Amos, H. M., Jacob, D. J., Streets, D. G., and Sunderland, E. M.: Legacy impacts of all-time anthropogenic emissions on the global mercury cycle, Global Biogeochem. Cy., 27, 410–421, 2013.
Amos, H. M., Jacob, D. J., Kocman, D., Horowitz, H. M., Zhang, Y., Dutkiewicz, S., Horvat, M., Corbitt, E. S., Krabbenhoft, D. P., and Sunderland, E. M.: Global Biogeochemical Implications of Mercury Discharges from Rivers and Sediment Burial, Environ. Sci. Technol., 48, 9514–9522, 2014.
Amos, H. M., Sonke, J. E., Obrist, D., Robins, N., Hagan, N., Horowitz, H. M., Mason, R. P., Witt, M., Hedgecock, I. M., Corbitt, E. S., and Sunderland, E. M.: Observational and Modeling Constraints on Global Anthropogenic Enrichment of Mercury, Environ. Sci. Technol., 49, 4036–4047, 2015.
Ariya, P. A., Khalizov, A., and Gidas, A.: Reactions of Gaseous Mercury with Atomic and Molecular Halogens: Kinetics, Product Studies, and Atmospheric Implications, J. Phys. Chem. A, 106, 7310–7320, 2002.
Ariya, P. A., Amyot, M., Dastoor, A., Deeds, D., Feinberg, A., Kos, G., Poulain, A., Ryjkov, A., Semeniuk, K., Subir, M., and Toyota, K.: Mercury Physicochemical and Biogeochemical Transformation in the Atmosphere and at Atmospheric Interfaces: A Review and Future Directions, Chem. Rev., 15, 3760–3802, https://doi.org/10.1021/cr500667e, 2015.
Baker, K. R. and Bash, J. O.: Regional Scale Photochemical Model Evaluation of Total Mercury Wet Deposition and Speciated Ambient Mercury, Atmos. Environ., 49, 151–162, 2012.
Bullock, O. R., Atkinson, D., Braverman, T., Civerolo, K., Dastoor, A., Davignon, D., Ku, J.-Y., Lohman, K., Myers, T. C., Park, R. J., Seigneur, C., Selin, N. E., Sistla, G., and Vijayaraghavan, K.: The North American Mercury Model Intercomparison Study (NAMMIS): Study description and model-to-model comparisons, J. Geophys. Res., 113, D17310, 2008.
Calvert, J. G. and Lindberg, S. E.: echanisms of mercury removal by O3 and OH in the atmosphere, Atmos. Environ., 39, 3355–3367, https://doi.org/10.1016/j.atmosenv.2005.01.055, 2005.
Chen, L., Wang, H. H., Liu, J. F., Tong, Y. D., Ou, L. B., Zhang, W., Hu, D., Chen, C., and Wang, X. J.: Intercontinental transport and deposition patterns of atmospheric mercury from anthropogenic emissions, Atmos. Chem. Phys., 14, 10163–10176, https://doi.org/10.5194/acp-14-10163-2014, 2014.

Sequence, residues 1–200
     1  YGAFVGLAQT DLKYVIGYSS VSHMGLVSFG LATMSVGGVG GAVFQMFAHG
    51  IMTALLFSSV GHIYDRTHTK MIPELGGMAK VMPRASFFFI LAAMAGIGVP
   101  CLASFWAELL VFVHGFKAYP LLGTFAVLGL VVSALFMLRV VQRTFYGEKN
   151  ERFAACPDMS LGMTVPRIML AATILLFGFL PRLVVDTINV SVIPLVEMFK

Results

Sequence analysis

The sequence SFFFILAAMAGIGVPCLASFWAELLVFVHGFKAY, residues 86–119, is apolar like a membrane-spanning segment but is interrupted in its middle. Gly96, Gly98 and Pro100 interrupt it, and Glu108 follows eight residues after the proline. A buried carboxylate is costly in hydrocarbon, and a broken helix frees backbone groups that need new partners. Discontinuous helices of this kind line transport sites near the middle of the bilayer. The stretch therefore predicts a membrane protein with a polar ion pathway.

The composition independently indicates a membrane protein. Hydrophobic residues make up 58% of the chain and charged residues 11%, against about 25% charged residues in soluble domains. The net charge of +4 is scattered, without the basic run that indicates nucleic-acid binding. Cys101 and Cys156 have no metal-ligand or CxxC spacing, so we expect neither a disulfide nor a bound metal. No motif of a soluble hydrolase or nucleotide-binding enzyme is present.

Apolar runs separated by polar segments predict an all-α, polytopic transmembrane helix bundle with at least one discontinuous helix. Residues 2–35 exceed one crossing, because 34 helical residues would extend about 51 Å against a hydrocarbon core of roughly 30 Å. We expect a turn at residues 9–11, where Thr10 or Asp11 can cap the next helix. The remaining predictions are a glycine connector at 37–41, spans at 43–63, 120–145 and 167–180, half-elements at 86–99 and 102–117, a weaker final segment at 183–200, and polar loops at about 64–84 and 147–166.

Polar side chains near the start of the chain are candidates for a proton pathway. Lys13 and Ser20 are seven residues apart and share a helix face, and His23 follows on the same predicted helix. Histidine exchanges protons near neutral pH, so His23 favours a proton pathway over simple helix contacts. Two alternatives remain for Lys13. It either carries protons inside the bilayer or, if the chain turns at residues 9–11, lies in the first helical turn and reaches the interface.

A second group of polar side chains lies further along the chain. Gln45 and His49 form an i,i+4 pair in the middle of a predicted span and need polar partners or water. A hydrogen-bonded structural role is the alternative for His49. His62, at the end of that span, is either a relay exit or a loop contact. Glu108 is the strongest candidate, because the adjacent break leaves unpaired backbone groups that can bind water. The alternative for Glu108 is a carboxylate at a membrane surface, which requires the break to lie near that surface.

Christensen, J. H., Brandt, J., Frohn, L. M., and Skov, H.: Modelling of Mercury in the Arctic with the Danish Eulerian Hemispheric Model, Atmos. Chem. Phys., 4, 2251–2257, https://doi.org/10.5194/acp-4-2251-2004, 2004.
Cohen, M. D., Draxler, R. R., Artz, R. S., Gustin, M., Han, Y.-J., Holsen, T. M., Jaffe, D., Kelley, P., Lei, H., Loughner, C., Luke, W., Lyman, S., Niemi, D., Pacyna, J. M., Pilote, M., Poissant, L., Ratte, D., Ren, X., Steenhouisen, F., Tordon, R., and Wilson, S.: Modeling the global atmospheric transport and deposition of mercury to the Great Lakes, Elementa: Science of the Anthropocene, 4, 000118, https://doi.org/10.12952/journal.elementa.000118, 2016.
Corbitt, E. S., Jacob, D. J., Holmes, C. D., Streets, D. G., and Sunderland, E. M.: Global source-receptor relationships for mercury deposition under present-day and 2050 emissions scenarios, Environ. Sci. Technol., 45, 10477–10484, 2011.
Cremer, D., Kraka, E., and Filatov, M.: Bonding in Mercury Molecules Described by the Normalized Elimination of the Small Component and Coupled Cluster Theory, Chem. Phys. Chem., 9, 2510–2521, https://doi.org/10.1002/cphc.200800510, 2008.
Dastoor, A., Ryzhkov, A., Durnford, D., Lehnherr, I., Steffen, A., and Morrison, H.: Atmospheric mercury in the Canadian Arctic. Part II: Insight from modeling, Sci. Total Environ., 509–510, 16–27, https://doi.org/10.1016/j.scitotenv.2014.10.112, 2015
De Simone, F., Gencarelli, C., Hedgecock, I., and Pirrone, N.: Global atmospheric cycle of mercury: a model study on the impact of oxidation mechanisms, Environ. Sci. Poll. Res., 21, 4110–4123, 2014.
De Simone, F., Cinnirella, S., Gencarelli, C. N., Yang, X., Hedgecock, I. M., Pirrone, N.: Model Study of Global Mercury Deposition from Biomass Burning, Environ. Sci. Technol., 49, 6712–6721, 2015.
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An assessment of current and future emissions, air concentrations and atmospheric deposition of mercury worldwide is presented on the basis of results obtained during the performance of the EU GMOS (Global Mercury Observation System) project. Emission estimates for mercury were prepared with the main goal of applying them in models to assess current (2013) and future (2035) air concentrations and atmospheric deposition of this contaminant.
An assessment of current and future emissions, air concentrations and atmospheric deposition of...